China encouraging the wrong kind of farm mechanisation with its generous subsidies
Mark Godfrey says generous government assistance for farmers to buy low-tech machinery in fact undermines Beijing's goal to create bigger and more efficient farms
Anyone who has visited China's annual autumn farm machinery fairs in Changchun or Shenyang will have seen a bewildering array of machines and brands. But the exhibition features hundreds of brands selling farm machinery of similar specifications - most of them low-tech solutions for a country seeking to modernise its farming sector.
Tractors have proliferated in recent years because China's agricultural ministry and central government are bent on increasing the rate of mechanisation of the country's farms and have been dishing out subsidies to ensure that happens.
The amount went from 70 million yuan in 2004 to an incredible 23 billion yuan (HK$29 billion) last year, according to the China Association of Agricultural Machinery Manufacturers. In many cases, farmers get subsidies covering over a third of the price tag of a tractor or harvester.
There is certainly an argument in favour of the availability of low-cost machinery for small farmers, in particular because the Western corporations that dominate global farm machinery production (in value terms) prefer to focus on hi-tech, high-price machines.
But there is a fundamental contradiction between China's drive for greater scale and output in farming and a government-subsidised proliferation of low-end machines designed for small farms. Giving farmers up to a third of the price tag of a tractor has been a boon for the makers and dealers of tractors but it hasn't necessarily helped achieve the Chinese government's stated goal of higher crop yields through mechanisation and the creation of larger-scale, more efficient farms.
Not surprisingly, perhaps, subsidies have drawn a large number of "me-too" players into the sector, many of them building low-tech machines for quick, low-price sales to farmers who have been encouraged and financially assisted to buy machines for a mechanised harvest. A case in point is the entry of Chinese carmaker Chery Automobile, which had no expertise in agricultural machinery prior to launching its first batch of tractors in 2010. Chery executives who talked to me at a machinery show in Shenyang credited the presence of subsidies in boosting sales as a major reason for entering the sector.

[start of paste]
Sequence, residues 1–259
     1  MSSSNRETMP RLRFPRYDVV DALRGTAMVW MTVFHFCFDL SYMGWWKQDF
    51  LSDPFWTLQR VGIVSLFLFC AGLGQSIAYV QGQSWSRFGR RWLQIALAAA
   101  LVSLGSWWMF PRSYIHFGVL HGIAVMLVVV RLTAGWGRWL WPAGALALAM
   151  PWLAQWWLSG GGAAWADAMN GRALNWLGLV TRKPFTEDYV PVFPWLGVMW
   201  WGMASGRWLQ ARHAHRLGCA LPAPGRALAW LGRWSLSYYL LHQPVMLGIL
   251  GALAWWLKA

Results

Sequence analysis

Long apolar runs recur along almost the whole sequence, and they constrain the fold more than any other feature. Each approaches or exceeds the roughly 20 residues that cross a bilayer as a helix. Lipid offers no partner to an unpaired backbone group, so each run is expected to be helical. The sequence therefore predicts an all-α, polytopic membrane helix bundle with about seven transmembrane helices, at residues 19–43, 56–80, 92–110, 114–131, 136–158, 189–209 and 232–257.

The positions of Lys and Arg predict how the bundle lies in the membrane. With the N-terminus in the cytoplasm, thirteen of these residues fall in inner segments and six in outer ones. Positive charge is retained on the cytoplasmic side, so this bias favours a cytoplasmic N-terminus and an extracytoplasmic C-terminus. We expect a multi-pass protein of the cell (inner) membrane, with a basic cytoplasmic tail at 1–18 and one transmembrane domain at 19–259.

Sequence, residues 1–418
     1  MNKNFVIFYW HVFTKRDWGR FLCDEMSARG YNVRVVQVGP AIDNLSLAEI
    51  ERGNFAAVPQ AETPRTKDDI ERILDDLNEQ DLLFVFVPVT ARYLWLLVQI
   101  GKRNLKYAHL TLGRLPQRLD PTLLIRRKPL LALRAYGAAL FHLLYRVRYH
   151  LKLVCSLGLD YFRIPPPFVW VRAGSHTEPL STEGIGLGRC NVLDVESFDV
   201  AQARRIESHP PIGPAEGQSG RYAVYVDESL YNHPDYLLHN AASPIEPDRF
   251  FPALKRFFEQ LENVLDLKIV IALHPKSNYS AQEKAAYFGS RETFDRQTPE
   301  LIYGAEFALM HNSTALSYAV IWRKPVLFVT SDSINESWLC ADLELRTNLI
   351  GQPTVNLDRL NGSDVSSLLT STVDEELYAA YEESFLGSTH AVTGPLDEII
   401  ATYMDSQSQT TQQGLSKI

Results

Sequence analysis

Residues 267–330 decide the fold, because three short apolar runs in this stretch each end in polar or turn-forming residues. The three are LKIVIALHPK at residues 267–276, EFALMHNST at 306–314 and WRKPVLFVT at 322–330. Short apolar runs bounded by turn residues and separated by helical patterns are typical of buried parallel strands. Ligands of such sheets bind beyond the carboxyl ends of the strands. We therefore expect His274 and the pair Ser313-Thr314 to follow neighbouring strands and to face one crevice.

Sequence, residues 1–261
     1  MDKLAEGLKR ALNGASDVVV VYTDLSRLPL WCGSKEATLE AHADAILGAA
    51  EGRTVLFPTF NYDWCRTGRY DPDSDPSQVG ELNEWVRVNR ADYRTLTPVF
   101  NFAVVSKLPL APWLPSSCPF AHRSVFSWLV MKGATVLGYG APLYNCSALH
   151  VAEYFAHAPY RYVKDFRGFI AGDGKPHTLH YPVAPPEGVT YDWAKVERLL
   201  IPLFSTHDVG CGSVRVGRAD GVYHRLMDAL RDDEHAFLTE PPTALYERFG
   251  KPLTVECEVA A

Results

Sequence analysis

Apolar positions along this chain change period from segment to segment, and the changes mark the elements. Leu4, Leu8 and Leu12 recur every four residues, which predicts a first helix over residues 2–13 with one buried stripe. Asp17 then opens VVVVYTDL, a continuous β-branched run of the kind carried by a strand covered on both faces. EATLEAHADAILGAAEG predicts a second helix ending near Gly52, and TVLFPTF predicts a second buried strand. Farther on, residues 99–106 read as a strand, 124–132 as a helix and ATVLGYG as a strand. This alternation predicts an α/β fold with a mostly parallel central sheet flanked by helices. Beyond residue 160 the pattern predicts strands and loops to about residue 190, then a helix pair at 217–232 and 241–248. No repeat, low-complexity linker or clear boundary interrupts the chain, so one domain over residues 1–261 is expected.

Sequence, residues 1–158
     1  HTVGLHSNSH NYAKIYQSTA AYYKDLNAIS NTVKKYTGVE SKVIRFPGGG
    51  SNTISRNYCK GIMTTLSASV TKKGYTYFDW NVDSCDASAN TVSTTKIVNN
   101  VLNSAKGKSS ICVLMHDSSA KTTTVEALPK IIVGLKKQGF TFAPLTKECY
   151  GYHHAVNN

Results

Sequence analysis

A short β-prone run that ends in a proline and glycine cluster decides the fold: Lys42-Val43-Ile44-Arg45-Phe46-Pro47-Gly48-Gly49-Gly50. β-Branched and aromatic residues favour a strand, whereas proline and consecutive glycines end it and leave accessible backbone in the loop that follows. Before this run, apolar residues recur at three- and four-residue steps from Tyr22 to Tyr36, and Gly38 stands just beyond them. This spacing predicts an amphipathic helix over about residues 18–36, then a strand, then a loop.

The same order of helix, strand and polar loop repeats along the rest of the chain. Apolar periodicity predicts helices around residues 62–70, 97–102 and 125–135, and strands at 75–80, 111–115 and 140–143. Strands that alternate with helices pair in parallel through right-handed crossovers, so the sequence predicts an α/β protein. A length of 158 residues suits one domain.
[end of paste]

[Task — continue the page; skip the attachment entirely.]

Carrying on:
Mechanisation has the biggest impact when land distribution reform is advanced and agricultural wages are high. This is not the case in China. The bigger task of land reform (leading to the goal of consolidation and larger farms) hasn't been resolved in China. Thus, there are too many machines scattered across the country tilling small fields. These low-tech tractors will be unable to work the kind of larger-scale plots that the government wants to create.
Globally, tractor sales have shrunk in terms of number but the machines have increased in price as they become more efficient. Some large developing countries have taken a different approach - farms in Brazil have tapped credit schemes provided by the machinery makers to purchase and use larger, efficient machines, rather than seeking government assistance to buy lower-tech tractors and harvesters.
It is true Chinese low-cost makers have a potential future in sales to, say, African farms, where there is currently much focus on mechanisation. However, they will require access to innovation to meet the particular needs of these markets, and innovation has not been a strong point of Chinese tractor makers.
According to the China Association of Agricultural Machinery Manufacturers, the sector saw a "golden decade" from 2004 to last year, during which the output of Chinese farm machinery grew 20 per cent a year in value terms.
Subsidies won't end any time soon, given that the agriculture ministry wants to increase the level of mechanised farming from 60 per cent of overall farmland this year to 70 per cent by 2020. As they stand, however, the generous subsidies won't necessarily further China's goals of more mechanised agricultural production.
Mark Godfrey writes mainly about the seafood trade in China for US-based Seafoodsource.com